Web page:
The term Yoga was derived from a Sanskrit word meaning “to join”, “to integrate” or “to unite”. The goal of Yoga is to reach a union of mind and body and it is believed to have been put to use for more than 25,000 years.
Yoga, as we know it today, dates back to ancient times in India. It is hard to specifically pinpoint the time in history when it truly originated since different versions are being passed on from one group to another. Figures of how long it has been around have relied upon the expertise of the historians who interpreted the sacred carvings found in the Indus Valley Civilization. The actual carving is in the form of a rock seal which contains an image sitting cross-legged, as if meditating.
This seal, which was coined Shiva Pashupati, was discovered by a British archaeologist, Sir John Hubert Marshall. With this discovery, archaeological evidence started shedding light to support the belief that the practice of yoga began 5,000 years ago.
Another expert, David Frawley, who is a Vedic scholar, claims that yoga dates back to the earliest Hindu writing, called Rig Veda, which was believed to have been written between 1500 and 1200 BC. Rig Veda is considered the oldest religious text in the world and it contains rituals, ceremonies and sacrifices. Vedic Yoga is the first known yoga practiced by ancient people. Its purpose was to connect the people to the spirit world.
There are four basic paths of Yoga existing from Bhagavad Gita, “Song of God”, which is an ancient, sacred text that some consider a practical, self-contained guide to life. These types of yoga are Bhakti Yoga, Dhyana Yoga, Jnana Yoga and Karma Yoga.
Bhakti is a Sanskrit word meaning “devotion” and this form of yoga is based on the spiritual practice of developing a loving devotion to a higher power, such as God. Bhakti Yoga focuses on reducing selfishness and removing jealousy, hatred, lust, anger, pride and arrogance. From there, practitioners strive to fill themselves with joy, happiness, peace, and knowledge. Through this their concerns and anxieties vanish whereupon they attain everlasting peace.
Dhyana is the Sanskrit word for “meditation” and the focus is to calm or silence the restless mind and allow the practitioner to look into their inner consciousness without distractions from the outside world. Dhyana Yoga involves concentration upon a point of focus with the intention of knowing the truth about it. The meditation techniques learned give the practitioner a glimpse of their inner life and connects them with their true nature.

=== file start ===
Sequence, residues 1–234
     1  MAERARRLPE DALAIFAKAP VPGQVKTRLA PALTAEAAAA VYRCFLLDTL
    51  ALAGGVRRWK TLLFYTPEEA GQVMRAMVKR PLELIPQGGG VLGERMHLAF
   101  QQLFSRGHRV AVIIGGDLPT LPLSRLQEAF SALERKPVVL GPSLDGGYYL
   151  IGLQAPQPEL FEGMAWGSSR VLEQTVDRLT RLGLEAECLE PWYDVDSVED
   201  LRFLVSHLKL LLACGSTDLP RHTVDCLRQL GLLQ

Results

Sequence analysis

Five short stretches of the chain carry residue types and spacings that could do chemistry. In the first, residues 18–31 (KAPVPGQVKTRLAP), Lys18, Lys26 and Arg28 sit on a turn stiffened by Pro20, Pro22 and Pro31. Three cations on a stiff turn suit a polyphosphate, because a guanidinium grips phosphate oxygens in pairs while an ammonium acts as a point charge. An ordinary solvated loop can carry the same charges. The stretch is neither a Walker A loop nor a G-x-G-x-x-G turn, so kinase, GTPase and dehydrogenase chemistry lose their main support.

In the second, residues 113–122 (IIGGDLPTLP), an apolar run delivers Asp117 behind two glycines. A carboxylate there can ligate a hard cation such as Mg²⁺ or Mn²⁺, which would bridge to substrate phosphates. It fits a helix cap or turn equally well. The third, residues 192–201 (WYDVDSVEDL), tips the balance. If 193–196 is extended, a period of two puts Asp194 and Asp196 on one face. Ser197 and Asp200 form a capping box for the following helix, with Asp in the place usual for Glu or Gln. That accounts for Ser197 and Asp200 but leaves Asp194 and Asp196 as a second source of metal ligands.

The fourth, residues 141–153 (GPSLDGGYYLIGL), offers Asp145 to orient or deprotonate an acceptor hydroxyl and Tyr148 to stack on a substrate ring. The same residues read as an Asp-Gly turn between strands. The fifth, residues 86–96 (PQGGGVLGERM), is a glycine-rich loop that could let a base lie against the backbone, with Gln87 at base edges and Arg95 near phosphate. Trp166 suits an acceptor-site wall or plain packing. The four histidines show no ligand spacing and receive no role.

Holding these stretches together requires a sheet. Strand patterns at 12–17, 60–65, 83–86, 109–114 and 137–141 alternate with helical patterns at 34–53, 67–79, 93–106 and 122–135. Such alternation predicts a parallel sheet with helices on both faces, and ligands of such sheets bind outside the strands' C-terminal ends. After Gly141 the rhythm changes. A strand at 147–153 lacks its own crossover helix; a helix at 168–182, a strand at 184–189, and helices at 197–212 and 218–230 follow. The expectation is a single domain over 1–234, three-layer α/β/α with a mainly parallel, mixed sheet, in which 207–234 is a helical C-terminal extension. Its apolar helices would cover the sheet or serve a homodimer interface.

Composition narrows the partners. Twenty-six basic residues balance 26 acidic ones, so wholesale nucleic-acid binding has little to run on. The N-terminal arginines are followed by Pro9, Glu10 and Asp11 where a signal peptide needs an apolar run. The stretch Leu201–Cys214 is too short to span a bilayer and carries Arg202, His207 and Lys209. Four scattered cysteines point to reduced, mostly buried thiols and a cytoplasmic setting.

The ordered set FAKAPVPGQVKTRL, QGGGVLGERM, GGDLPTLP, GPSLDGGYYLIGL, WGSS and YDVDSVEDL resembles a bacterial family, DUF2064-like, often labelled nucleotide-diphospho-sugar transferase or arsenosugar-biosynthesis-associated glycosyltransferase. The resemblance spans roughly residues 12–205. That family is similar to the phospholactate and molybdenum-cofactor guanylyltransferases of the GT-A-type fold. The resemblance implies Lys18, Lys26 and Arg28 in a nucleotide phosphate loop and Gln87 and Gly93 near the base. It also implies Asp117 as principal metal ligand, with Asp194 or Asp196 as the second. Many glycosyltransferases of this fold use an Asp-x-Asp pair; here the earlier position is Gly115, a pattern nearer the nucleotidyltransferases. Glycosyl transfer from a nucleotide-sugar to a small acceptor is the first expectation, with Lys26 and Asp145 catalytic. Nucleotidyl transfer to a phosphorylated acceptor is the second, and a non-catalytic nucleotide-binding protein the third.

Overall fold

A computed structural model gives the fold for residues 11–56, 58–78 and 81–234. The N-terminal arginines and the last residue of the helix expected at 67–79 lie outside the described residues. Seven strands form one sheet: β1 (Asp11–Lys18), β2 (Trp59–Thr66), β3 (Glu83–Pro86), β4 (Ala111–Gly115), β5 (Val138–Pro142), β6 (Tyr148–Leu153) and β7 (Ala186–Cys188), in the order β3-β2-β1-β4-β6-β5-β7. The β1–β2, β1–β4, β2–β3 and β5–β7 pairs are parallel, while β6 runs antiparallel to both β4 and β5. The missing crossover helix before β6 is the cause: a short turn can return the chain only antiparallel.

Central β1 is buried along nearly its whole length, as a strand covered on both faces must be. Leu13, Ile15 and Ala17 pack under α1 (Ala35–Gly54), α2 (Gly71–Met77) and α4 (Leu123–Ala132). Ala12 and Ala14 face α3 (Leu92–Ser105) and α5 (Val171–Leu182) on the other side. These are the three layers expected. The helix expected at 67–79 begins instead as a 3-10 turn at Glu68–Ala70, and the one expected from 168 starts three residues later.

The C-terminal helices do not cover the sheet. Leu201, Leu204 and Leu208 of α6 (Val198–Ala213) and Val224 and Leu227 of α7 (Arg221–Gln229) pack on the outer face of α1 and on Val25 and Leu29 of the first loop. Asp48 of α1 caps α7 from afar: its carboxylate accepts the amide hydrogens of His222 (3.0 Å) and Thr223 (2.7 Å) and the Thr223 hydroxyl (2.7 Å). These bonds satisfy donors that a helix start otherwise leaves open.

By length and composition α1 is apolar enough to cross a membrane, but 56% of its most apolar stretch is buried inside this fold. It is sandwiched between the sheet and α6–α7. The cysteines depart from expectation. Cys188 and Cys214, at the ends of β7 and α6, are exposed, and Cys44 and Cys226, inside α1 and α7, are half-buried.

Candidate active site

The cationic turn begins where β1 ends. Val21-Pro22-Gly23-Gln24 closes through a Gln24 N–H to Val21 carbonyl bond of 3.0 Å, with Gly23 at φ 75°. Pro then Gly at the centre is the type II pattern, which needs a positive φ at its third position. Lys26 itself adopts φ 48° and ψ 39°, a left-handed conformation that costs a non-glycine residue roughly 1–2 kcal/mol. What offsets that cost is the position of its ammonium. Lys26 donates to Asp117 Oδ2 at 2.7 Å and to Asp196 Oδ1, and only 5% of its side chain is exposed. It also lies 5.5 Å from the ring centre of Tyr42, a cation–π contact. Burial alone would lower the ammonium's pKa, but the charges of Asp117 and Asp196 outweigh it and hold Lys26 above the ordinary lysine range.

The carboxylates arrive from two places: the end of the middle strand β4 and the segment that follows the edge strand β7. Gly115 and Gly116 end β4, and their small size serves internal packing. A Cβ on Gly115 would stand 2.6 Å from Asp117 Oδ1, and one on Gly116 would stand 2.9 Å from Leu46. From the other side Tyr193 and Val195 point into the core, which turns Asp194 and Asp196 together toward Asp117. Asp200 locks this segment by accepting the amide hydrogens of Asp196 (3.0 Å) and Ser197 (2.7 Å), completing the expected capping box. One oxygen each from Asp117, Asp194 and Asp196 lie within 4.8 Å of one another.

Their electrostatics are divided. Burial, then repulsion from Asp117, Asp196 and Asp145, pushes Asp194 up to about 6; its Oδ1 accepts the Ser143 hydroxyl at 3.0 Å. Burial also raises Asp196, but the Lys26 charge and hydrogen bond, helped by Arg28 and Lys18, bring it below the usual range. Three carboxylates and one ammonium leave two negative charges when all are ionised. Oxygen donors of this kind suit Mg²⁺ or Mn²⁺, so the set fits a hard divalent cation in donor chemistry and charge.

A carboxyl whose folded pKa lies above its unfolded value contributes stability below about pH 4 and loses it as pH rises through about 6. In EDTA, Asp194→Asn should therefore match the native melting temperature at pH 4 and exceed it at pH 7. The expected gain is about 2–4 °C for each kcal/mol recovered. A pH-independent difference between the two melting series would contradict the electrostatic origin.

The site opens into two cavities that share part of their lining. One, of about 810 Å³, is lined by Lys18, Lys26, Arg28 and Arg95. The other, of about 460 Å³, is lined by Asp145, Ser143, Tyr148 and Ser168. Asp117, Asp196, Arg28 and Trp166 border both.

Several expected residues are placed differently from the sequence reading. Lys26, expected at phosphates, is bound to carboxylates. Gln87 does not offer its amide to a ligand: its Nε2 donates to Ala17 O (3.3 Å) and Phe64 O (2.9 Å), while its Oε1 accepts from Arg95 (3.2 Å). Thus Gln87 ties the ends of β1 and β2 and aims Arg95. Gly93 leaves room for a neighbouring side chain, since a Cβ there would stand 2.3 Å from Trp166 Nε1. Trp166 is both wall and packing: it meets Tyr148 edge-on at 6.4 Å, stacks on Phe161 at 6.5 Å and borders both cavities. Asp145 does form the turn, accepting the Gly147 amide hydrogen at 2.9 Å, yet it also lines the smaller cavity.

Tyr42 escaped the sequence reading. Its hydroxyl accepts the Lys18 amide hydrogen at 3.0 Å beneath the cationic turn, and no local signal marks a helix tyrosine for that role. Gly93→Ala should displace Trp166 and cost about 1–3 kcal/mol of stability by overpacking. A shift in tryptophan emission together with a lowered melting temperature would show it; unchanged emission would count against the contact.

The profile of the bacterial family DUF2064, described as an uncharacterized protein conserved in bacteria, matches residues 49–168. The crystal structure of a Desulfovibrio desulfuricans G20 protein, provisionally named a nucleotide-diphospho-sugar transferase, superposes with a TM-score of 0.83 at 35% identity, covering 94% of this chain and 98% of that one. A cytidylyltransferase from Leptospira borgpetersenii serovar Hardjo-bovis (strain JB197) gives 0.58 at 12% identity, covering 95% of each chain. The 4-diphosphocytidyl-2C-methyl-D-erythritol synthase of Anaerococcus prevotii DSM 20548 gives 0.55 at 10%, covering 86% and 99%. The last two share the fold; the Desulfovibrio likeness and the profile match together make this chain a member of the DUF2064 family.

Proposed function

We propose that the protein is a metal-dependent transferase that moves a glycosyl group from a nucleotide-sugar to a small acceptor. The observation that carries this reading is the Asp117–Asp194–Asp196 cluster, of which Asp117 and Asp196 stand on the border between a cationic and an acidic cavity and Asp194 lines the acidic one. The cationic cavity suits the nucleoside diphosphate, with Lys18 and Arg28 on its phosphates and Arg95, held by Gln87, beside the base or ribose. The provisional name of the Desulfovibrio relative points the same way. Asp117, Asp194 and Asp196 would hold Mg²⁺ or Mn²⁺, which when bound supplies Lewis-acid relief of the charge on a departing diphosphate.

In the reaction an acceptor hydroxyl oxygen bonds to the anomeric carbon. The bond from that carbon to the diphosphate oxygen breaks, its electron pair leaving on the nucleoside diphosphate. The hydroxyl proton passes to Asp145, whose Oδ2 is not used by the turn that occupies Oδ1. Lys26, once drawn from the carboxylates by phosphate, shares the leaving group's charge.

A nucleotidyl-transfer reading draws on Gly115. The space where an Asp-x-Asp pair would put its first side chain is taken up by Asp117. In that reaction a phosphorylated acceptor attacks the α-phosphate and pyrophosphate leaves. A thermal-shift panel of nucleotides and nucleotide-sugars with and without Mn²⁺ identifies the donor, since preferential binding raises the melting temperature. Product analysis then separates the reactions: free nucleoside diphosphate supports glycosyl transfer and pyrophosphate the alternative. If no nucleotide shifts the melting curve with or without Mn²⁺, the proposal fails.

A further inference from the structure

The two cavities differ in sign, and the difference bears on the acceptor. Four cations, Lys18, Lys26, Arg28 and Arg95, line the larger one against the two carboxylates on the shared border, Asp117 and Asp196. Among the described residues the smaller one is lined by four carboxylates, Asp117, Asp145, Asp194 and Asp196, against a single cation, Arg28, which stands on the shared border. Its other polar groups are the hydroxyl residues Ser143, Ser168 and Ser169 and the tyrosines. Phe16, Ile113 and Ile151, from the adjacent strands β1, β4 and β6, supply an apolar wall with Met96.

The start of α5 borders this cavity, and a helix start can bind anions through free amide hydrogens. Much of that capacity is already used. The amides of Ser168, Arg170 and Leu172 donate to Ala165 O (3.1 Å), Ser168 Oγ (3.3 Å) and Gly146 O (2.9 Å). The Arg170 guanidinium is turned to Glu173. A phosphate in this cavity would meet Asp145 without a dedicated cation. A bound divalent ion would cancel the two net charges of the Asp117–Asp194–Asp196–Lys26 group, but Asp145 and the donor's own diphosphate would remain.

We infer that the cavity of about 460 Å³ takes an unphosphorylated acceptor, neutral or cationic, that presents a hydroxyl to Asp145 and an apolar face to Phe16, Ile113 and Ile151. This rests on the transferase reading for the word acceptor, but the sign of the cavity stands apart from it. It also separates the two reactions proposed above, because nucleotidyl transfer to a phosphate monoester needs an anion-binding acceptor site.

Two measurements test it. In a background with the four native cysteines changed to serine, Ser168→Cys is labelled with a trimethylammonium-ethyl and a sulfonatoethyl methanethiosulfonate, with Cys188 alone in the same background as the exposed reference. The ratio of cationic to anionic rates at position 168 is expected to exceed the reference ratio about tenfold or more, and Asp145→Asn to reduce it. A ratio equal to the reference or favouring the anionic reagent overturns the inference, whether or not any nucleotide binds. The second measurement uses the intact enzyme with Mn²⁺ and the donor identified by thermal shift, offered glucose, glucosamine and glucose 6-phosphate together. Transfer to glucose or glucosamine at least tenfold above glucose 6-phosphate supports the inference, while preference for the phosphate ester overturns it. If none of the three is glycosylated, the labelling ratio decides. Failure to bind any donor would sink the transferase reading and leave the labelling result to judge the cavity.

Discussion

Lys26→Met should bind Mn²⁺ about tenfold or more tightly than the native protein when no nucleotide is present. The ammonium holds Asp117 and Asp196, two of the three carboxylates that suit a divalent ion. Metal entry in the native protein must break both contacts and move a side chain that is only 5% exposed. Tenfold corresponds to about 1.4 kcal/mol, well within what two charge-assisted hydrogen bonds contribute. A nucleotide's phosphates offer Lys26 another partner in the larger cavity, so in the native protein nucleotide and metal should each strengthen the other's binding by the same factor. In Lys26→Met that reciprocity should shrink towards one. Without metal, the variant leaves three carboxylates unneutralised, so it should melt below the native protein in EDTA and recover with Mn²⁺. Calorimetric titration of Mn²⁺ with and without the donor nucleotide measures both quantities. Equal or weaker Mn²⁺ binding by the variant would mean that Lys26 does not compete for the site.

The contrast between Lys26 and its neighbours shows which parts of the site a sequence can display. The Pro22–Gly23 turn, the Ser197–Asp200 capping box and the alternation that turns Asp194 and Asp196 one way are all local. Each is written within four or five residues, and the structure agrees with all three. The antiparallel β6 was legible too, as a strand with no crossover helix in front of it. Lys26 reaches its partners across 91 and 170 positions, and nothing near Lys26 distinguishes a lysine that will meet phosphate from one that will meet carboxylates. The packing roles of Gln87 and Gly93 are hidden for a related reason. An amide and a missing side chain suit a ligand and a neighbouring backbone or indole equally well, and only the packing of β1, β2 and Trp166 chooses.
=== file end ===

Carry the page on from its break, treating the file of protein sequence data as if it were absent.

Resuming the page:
Jnana is a Sanskrit word meaning “knowledge” and is frequently interpreted to mean “knowledge of the true self”. Jnana Yoga is based on the study of philosophy and meditation as a means to unify the body and mind in order to achieve enlightenment. In this method, the body and mind must be purified for a person to totally experience the joy of liberating the soul and connecting with the real self.
Karma is derived from the Sanskrit word meaning “to do” and in its simplest sense Karma means “action”. Karma Yoga’s focus is on adherence to duty and emphasizes selfless action and service with pure intention devoid of selfish motive. Many believe that Mahatma Gandhi was a Karma Yoga practitioner. Practitioners of this yoga method strive to do things to the best of their ability, without causing harm to others and attachment to the outcomes of their actions.
Bhagavad Gita is one of history’s most compelling and profound manuscripts and while there are many interpretations, each of these Yoga paths all strive towards the same goal of self-improvement, mastery of and gradual purification of body and mind leading to a state of self-realized enlightenment.
Rachel Tuller is a busy mother, sales executive, an accomplished speaker, freelance writer, health enthusiast, and a lifelong student of personal development. You can enjoy other articles about yoga at NiceYoga.com [http://www.niceyoga.com]